The Senate, reluctant to trade a hallowed tradition for streamlined procedures, refused yesterday to clamp down on the right of members to attach extraneous provisions to legislation pending on the floor.

A tightening of the Senate's "germaneness" rule, which has been honored largely in the breach, had been proposed as part of rules changes that would accompany an experiment with televising Senate procedures.

But it ran into objections from many senators, largely on the philosophical fringes of the chamber, who complained that it would eliminate the last recourse of a political minority to get debate and votes on issues that were otherwise sidetracked.

"What is at stake here is the right of a minority, even a tiny minority, even one senator, to raise an issue," said Sen. William L. Armstrong (R-Colo.), a conservative who, in league with liberal Sen. Lowell P. Weicker Jr. (R-Conn.), led the fight against the change.

The Senate voted 60 to 37 to strike the germaneness rule change from a package of changes in procedures that was attached to the television proposal earlier in the week by Majority Leader Robert J. Dole (R-Kan.) and Minority Leader Robert C. Byrd (D-W.Va.).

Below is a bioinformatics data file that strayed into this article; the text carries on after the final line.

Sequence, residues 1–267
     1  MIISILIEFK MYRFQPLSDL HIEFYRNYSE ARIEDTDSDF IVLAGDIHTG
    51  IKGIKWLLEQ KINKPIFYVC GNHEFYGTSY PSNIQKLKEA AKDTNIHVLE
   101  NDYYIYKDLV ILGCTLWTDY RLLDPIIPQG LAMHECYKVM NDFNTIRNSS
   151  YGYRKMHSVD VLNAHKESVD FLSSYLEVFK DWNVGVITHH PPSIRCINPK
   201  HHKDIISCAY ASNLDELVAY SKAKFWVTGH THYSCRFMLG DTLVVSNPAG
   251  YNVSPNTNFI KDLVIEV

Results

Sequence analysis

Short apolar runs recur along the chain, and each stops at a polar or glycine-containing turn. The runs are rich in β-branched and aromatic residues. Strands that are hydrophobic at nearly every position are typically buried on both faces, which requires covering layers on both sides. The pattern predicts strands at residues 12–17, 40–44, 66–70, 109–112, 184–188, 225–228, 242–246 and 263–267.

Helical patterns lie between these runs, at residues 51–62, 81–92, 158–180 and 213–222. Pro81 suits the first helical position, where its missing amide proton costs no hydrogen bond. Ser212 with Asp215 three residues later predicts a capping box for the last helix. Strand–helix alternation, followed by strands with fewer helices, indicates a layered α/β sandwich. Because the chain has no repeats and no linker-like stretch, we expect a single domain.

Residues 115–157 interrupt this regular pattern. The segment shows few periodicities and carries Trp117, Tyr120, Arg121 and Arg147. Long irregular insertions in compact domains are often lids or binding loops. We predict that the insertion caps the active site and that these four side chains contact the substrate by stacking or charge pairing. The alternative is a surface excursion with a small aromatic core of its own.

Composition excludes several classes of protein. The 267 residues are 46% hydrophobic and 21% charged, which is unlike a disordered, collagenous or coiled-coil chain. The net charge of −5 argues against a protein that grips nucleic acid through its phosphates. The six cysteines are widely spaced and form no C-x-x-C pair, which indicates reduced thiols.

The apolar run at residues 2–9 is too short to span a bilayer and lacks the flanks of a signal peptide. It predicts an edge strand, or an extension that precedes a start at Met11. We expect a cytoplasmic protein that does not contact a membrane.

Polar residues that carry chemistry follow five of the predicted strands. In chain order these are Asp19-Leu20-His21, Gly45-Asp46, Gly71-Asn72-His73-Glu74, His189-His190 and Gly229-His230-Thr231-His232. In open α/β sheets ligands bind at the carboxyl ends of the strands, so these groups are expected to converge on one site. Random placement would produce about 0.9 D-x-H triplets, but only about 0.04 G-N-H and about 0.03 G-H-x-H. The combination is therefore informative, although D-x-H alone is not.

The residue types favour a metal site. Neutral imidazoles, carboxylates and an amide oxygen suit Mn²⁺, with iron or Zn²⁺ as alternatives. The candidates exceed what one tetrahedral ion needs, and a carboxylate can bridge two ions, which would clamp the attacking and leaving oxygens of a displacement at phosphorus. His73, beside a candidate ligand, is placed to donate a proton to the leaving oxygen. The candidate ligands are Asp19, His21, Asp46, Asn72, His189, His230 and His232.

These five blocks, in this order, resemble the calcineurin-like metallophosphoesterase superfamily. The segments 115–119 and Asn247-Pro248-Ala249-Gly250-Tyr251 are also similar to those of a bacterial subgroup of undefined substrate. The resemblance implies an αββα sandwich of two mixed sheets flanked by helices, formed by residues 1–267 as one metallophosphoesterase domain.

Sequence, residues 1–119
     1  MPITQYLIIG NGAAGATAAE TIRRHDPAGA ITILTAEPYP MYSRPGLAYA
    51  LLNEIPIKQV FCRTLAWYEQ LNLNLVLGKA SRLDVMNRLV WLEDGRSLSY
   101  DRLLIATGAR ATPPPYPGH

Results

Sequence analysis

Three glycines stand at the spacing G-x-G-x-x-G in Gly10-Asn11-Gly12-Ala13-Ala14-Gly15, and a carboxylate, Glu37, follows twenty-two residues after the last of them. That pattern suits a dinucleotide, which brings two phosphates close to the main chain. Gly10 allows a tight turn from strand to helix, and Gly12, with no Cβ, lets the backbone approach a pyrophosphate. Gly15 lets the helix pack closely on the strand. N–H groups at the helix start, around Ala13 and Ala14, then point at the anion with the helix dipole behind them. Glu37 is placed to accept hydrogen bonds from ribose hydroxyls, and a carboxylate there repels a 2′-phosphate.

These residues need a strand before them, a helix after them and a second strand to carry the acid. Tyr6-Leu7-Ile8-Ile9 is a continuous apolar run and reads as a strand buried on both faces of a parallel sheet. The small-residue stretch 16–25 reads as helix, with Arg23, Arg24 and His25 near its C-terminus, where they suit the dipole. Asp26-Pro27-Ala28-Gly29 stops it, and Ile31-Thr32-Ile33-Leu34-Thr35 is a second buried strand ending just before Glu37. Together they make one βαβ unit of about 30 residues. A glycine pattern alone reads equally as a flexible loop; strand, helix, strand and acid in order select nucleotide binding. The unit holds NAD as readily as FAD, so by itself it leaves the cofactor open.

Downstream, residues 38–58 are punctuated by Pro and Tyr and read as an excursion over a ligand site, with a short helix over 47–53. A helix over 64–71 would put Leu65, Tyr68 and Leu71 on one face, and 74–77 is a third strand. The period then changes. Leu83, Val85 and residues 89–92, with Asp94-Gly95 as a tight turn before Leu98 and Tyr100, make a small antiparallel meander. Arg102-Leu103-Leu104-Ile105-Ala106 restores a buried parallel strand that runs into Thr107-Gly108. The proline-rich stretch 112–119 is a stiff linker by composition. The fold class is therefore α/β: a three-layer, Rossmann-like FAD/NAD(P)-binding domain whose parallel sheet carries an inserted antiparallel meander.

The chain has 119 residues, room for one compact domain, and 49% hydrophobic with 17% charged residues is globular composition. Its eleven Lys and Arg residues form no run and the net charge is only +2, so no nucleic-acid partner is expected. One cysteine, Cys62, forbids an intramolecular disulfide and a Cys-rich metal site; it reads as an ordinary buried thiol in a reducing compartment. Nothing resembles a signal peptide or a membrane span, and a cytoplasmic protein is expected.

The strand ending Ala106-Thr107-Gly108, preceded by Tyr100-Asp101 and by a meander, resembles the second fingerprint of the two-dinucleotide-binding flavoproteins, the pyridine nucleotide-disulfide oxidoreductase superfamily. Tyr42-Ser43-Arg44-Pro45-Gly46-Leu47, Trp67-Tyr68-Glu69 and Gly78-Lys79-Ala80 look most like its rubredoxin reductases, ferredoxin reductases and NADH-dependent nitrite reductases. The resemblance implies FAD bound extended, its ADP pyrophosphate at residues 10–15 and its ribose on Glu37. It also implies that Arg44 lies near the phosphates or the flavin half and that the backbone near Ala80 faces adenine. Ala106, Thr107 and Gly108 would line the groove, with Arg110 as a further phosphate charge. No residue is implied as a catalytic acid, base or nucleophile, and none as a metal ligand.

But Dole said later yesterday that an accord was near on a modified package of rules changes that could pave the way for televising Senate sessions starting in April with a trial run of live radio broadcasts and closed-circuit television. He said he was "more certain than ever" that the television proposal will pass, possibly today.

The rules changes were demanded by many senators as a prerequisite to television coverage because Senate proceedings -- featuring lengthy quorum calls, debates on extraneous issues and endless filibusters -- would not look particularly snappy on the tube.

The proposed changes included new curbs on filibusters as well as a stricter germaneness rule under which it would take a vote by two-thirds of the Senate to allow consideration of nongermane amendments once the rule was invoked. Currently, it takes only a majority of those voting to allow consideration of a nongermane amendment.